Optimal Positions for Baby during Childbirth
Today’s blog is all about ensuring baby is in the best position for labour or at least baby gets into the correct position for labour. When I write these blogs I link other information so that you can do your research & explore as much literature as you can in order for you to have the best outcome. Optimal Fetal Positioning is a phrase coined by Jean Sutton describing how a woman can assist her baby to formulate the easiest position for birth.
Years ago women didn’t have all the modern gadgets to help with the household cleaning. We didn’t use cars as often and we didn’t have such comfy sofa’s to relax on. The ‘back to back’ labour was not as common as women worked harder. There are many that believe it is our lifestyles and Body mass index that allows a baby to get cosy in the ‘back to back’ position. This can lead to longer labours so here’s how you can help yourself.
As a practicing midwife I have explored this subject in great detail and attended many courses & used the knowledge to help women either in antenatal clinic, antenatal classes or during labour.
Our life styles can have an impact into how baby sits in the uterus during pregnancy & how baby’s position can impact on labour. The ideal position for baby is the Occipital Anterior (OA) position, this means baby is head down has its back facing out towards the world and tummy facing mummy. This diagram highlights the fetal bone structure and the soft areas that will be able to adapt during labour.
As you can see in the next diagram there are many different positions for baby to move into during pregnancy these are all fine, so don’t get overly concerned. Midwives acknowledge that the easiest position for baby is the Occipital Anterior (OA) position. One of the reasons we feel your tummy during your prenatal check is in order to calculate in which position baby is lying. It has been very well documented that babies, that stay in the Occipital posterior position may create a slower labour. So midwives advise women on how they can help their baby negotiate its way into the correct position.
So what can you do to encourage you baby into the correct position for labour? Pregnancy yoga classes are a great place to start. Yoga techniques enable you to be aware of your posture, strengthen your core muscles and also teach you great breathing techniques again check out the literature.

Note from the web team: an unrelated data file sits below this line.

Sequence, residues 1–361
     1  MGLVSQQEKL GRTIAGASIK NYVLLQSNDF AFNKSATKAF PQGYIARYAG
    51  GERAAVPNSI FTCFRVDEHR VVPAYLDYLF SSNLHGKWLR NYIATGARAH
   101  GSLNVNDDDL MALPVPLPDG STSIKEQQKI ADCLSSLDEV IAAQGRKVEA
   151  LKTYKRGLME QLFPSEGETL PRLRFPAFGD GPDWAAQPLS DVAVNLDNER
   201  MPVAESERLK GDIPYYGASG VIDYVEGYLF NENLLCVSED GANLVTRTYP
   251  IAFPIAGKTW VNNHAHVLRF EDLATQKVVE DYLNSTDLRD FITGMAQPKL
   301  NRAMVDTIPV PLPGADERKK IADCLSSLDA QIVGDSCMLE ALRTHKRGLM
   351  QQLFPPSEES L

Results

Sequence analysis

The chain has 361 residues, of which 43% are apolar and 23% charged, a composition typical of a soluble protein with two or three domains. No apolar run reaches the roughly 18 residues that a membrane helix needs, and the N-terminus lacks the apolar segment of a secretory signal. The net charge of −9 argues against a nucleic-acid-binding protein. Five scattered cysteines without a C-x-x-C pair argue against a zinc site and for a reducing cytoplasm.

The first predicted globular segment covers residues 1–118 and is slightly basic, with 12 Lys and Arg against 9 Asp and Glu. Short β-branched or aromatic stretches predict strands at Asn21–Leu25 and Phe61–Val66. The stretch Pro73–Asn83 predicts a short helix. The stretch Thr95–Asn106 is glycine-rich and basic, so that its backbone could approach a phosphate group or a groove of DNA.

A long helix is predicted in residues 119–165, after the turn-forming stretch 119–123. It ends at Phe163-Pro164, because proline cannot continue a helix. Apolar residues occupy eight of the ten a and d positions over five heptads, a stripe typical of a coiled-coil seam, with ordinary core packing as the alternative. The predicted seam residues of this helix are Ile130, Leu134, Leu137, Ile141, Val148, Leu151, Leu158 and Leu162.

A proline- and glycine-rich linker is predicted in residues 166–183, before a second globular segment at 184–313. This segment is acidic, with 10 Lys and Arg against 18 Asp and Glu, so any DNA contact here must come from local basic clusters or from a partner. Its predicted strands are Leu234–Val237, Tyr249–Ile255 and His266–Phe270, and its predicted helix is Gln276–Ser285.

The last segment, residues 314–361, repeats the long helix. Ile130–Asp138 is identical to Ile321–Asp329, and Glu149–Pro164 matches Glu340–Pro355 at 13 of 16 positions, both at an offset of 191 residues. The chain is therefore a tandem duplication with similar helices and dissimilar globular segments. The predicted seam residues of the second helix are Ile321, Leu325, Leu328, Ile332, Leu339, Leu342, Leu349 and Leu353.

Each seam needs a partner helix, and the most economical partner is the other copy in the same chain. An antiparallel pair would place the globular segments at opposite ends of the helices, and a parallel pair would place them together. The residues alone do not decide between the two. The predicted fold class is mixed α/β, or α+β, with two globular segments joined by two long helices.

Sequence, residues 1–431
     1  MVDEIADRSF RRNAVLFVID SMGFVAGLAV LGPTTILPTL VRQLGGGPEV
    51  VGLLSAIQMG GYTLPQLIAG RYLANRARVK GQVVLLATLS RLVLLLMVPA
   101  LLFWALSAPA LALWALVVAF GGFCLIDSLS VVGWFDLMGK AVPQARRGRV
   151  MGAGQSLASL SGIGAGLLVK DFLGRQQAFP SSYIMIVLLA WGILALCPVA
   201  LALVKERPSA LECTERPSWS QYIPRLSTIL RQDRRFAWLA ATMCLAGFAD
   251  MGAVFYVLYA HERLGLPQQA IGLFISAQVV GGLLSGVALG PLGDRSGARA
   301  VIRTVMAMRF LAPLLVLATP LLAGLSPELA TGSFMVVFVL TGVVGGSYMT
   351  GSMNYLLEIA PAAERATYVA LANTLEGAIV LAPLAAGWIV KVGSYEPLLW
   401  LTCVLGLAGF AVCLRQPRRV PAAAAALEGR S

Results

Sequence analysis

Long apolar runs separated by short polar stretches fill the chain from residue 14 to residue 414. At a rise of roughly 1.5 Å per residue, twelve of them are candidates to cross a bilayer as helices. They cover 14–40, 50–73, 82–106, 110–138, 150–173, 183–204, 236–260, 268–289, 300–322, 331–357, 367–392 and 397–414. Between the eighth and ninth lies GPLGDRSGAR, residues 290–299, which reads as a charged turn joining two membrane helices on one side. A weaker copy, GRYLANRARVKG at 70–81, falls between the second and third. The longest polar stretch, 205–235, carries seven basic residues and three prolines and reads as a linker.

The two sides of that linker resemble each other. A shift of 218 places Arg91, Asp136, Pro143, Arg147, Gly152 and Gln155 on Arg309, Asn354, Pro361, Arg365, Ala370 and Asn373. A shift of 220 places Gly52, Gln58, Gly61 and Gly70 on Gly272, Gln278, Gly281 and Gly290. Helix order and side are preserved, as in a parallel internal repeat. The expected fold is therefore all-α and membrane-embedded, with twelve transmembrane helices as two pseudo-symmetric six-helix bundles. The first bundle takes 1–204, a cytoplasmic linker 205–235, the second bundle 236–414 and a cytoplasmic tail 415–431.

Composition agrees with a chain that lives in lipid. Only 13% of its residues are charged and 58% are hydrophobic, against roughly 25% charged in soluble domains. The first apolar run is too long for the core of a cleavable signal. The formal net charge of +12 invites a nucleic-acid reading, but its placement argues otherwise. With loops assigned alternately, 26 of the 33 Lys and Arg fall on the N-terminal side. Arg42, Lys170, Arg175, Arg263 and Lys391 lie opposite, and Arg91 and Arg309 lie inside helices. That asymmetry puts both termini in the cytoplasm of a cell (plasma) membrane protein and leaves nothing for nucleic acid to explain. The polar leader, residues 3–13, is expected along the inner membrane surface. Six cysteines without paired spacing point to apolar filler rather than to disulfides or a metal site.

Keeping active is very important, so is being aware of your posture. We live in an age whereby we have machines to do all our housework for us, and we sit on comfortable sofas when at home which encourage us to slouch. Another step I would advise you to do is to invest in a Yoga/Birthing ball. These do not cost a fortune and you can start helping your pelvis to become supple from about 34 weeks. The birth ball encourages you to form a correct posture so I recommend at least 20 minutes per day. You do not need to undertake crazy Abs!! that comes after baby is born.
- Regularly use upright and forward leaning positions which will enlarge the size of the pelvis and encourage your baby’s back (the heaviest part of the body) to lie towards your abdomen.
- Sit to read on a dining chair with elbows resting on the table, knees apart and leaning slightly forward
- Kneel on the floor leaning over a bean bag, floor cushion or chair to watch television or other such activities
- Use a yoga/sports ball
I have also listed positions to avoid during pregnancy & labour
- Relaxing in semi reclining positions where you have your knees higher than your hips
- Sitting with your legs crossed
- Sitting for long trips in a car with bucket seats either as the driver or as a passenger. If necessary then use a wedge cushion under your bottom to alter the angle of the seat.
So now you have a little insight into how to get the baby into the best position for labour. I would like to add some baby’s get comfortable in certain positions, even by following these rules you may start labour with the baby in the OP positions, don’t worry baby’s do move during labour & the best way to help this is to keep active and explore all the resources, the NHS choices website for example has a video that may help.
By applying these simple steps you will increase your chances of a normal labour, reduce your need for pharmaceutical pain relief and enjoy a really good outcome for you and your baby. If you are a ‘low risk’ reasonably healthy woman then you may want to consider delivery at home or a birth centre where you will be able to move around. In any situation the midwife will encourage you to change positions let her advise you.
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Lots of Love Wendy Kuharska (was Richert) Practicing Midwife and Founder of www.callthemidwives.co.uk